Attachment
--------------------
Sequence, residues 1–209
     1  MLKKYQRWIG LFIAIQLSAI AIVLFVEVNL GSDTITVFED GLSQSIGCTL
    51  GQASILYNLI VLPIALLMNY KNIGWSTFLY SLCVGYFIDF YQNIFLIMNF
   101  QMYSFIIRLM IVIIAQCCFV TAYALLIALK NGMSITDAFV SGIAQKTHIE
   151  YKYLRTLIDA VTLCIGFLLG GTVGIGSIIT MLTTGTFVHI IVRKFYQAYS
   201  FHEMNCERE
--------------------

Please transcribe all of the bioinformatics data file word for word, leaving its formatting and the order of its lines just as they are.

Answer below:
Sequence, residues 1–209
     1  MLKKYQRWIG LFIAIQLSAI AIVLFVEVNL GSDTITVFED GLSQSIGCTL
    51  GQASILYNLI VLPIALLMNY KNIGWSTFLY SLCVGYFIDF YQNIFLIMNF
   101  QMYSFIIRLM IVIIAQCCFV TAYALLIALK NGMSITDAFV SGIAQKTHIE
   151  YKYLRTLIDA VTLCIGFLLG GTVGIGSIIT MLTTGTFVHI IVRKFYQAYS
   201  FHEMNCERE